Counting five defensive rebounds, UK won the backboard battle 11-0 over the game's final six minutes, prompting head coach Bruce Pearl to note that "Obviously, rebounding was a big factor down the stretch. We had a couple of chances where we got stops but couldn't secure a rebound."
Indeed. Here's a recap of the final 5:30:
- Darius Miller hits two free throws to widen the gap to 55-52 with 4:28 left.
- Jones grabs a defensive rebound, misses a layup on the other end but grabs the offensive rebound and is fouled. He makes one of two shots, padding the lead to 56-52 with 3:36 to go.
- Harrellson grabs a defensive rebound but commits a turnover. Hopson hits one of two free throws for Tennessee, narrowing the gap to 59-56 with 2:11 left.
- Jones misses a 3-pointer but Harrellson rebounds. Knight misses a 3-pointer but Harrellson again grabs the offensive rebound. Harrellson misses a layup but Jones grabs the offensive rebound. Knight is fouled moments later and makes both free throws, giving Kentucky a 61-56 lead with 1:02 left. (That possession saw the Cats run 1:09 off the clock before scoring.)
- Hopson hits a pair of foul shots, trimming the deficit to 61-58 with 55 seconds left. Miller misses an 18-foot jumper as the shot clock is about to expire but Harrellson outbattles two Vols for the rebound and the ball goes out of bounds off Tennessee with 22 seconds left. Forced to foul, Tennessee sends Jones to the line. He nails two game-clinching free throws for a 63-58 lead with 16 seconds remaining.
- After a missed 3-pointer by Melvin Goins and a defensive rebound by Jones, Jones adds a free throw with two seconds left to secure the final margin.
Although 6-foot-10 Vol rebound leader Brian Williams missed the game with a back injury, Pearl declined to use that as an alibi.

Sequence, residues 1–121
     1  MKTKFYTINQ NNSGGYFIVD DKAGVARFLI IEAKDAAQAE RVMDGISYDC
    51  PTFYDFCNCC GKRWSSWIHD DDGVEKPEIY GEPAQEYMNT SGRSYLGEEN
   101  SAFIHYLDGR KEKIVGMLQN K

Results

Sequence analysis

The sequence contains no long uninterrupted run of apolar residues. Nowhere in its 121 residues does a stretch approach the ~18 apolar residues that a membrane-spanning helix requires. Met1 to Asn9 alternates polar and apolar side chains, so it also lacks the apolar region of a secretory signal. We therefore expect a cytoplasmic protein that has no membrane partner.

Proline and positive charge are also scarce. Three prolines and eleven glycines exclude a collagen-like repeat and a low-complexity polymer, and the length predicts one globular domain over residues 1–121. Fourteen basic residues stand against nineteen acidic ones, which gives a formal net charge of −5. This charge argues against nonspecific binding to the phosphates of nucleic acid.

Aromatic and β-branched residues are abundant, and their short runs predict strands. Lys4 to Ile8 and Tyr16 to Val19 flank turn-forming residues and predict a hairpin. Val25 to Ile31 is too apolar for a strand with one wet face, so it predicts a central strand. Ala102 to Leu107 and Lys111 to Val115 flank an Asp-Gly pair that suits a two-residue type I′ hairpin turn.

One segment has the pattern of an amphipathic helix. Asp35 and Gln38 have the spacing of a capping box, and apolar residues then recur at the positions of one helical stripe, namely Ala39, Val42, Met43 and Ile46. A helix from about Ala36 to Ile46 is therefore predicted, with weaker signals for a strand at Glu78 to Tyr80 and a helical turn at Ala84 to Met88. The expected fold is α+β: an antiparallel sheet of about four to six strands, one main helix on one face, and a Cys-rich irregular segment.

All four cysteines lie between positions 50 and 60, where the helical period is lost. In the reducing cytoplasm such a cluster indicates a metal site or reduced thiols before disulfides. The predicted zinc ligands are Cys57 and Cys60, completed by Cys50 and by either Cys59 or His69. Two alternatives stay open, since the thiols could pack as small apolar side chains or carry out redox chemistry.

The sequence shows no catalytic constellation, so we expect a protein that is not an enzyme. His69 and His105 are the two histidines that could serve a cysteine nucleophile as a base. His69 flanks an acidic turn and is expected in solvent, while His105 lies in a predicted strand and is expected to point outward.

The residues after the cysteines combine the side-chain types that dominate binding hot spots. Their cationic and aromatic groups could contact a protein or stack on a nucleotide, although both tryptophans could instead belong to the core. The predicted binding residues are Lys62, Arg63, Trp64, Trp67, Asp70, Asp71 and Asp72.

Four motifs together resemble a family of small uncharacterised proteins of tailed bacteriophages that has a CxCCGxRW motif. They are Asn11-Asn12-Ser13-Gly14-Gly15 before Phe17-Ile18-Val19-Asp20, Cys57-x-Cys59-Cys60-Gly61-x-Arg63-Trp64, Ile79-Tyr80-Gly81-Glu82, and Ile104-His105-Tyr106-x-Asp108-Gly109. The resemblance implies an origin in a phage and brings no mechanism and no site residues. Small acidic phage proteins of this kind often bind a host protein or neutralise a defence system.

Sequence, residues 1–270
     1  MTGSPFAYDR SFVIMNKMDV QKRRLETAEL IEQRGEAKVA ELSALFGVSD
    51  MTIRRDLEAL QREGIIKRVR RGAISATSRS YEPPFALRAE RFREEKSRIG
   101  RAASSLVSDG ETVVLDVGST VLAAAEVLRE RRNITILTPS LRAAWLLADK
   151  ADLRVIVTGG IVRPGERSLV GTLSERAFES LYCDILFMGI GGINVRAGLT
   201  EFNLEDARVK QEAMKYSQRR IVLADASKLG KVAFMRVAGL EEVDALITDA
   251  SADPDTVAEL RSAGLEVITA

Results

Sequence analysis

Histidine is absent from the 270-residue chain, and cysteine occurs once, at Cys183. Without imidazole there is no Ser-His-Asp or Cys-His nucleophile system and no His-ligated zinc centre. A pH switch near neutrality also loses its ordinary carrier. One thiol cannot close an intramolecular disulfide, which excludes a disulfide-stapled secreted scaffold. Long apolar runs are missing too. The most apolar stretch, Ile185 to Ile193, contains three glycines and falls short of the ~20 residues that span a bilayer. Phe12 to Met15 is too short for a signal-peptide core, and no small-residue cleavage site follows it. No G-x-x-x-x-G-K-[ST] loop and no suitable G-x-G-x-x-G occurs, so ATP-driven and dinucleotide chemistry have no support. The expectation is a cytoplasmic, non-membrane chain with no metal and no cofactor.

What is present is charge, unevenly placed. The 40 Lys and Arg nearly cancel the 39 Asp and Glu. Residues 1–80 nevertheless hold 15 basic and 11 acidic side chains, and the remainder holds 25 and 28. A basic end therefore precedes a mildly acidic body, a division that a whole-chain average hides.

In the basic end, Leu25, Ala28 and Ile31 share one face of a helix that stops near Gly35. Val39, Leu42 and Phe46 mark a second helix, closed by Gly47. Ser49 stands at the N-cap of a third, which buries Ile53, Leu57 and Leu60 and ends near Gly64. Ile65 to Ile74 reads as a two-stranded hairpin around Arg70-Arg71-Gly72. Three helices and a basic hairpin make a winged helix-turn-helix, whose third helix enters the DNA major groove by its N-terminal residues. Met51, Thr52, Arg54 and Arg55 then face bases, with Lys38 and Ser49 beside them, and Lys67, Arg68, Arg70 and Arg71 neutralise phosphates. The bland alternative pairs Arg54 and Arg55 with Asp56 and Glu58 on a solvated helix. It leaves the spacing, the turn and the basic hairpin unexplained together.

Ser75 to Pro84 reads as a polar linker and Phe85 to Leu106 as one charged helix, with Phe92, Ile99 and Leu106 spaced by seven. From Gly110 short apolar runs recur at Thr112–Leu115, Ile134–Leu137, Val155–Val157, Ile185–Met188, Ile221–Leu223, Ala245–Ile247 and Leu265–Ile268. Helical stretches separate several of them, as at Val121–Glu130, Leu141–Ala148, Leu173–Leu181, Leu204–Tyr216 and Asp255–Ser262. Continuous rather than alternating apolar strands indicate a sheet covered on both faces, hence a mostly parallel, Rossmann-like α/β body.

"I wouldn't even begin to make excuses," the coach said. "We've got enough guys out there that can rebound the ball with two hands."
The win gives No. 20 Kentucky (22-8 overall, 10-6 SEC) sole possession of second place in the Eastern Division, the No. 2 seed for the conference tournament and the coveted first-round by that goes with it.
The Vols played hard enough and well enough to beat Kentucky except for two critical lapses. The first occurred when they came out flat for the second half, enabling the Cats to make an 18-4 run that turned a 22-29 halftime deficit into a 40-33 lead. The Big Blue made four of four 3-pointers during the explosion and improved to five of five before finally missing a second-half trey.
Still, Tennessee survived that salvo and clawed back to go ahead 52-51 when Kenny Hall scored on a nice inside move with 5:56 remaining. That's when the Vols suddenly forgot how to rebound, however, enabling Kentucky to post seven second-chance points and win by six.
Freshman forward Tobias Harris, who led Tennessee in both points (18) and rebounds (6), said the Vols could've used Brian Williams, "especially at the end of the game when we didn't get those rebounds. That's what basically killed us."
Asked if the Vols' late struggles on the backboards were due to Kentucky crashing or Tennessee failing to box out, Harris replied: "It was a combination of both. All of those guys crashed, from the point guard to the center, and we didn't check out."
Hall, a 6-foot-9 sophomore who played 21 minutes in Williams' absence, said: "We was all fighting down there but, unfortunately, the ball just bounced their way."
Eleven times, apparently. The Vols did not manage a single rebound - offensive or defensive - over the game's final 6:00.
"It was disappointing that we never made that last play to give ourselves a chance to come back and win the game," Pearl said.
Heralded freshman Brandon Knight made just 5 of 15 field-goal tries but led Kentucky with 19 points. Fellow rookie Terrence Jones added 15, hitting just 3 of 15 field goals but 9 of 15 foul shots.
Other than Harris, Scotty Hopson (13) was the only double-figure scorer for Tennessee. The junior wing nailed 9 of 11 free throws but made just 2 of 10 field-goal tries against a stifling Wildcat defense.
"They threw a couple of guys at me quicker and made my catches tougher," Hopson said. "When I started to drive they threw a couple of (help-side defenders) at me quicker and made it tougher on the shots."
Tennessee shot just 38.3 percent (18 of 47) from the field and 22.2 percent (2 of 9) from 3. The Vols limited Kentucky to 35.8 percent (19 of 53) from the field but allowed the Cats to connect on 38.9 percent (7 of 18) from 3.
Outrebounded 31-27 through the game's first 34 minutes, Kentucky's 11-0 surge over the final six minutes produced a 38-31 edge that ultimately proved decisive.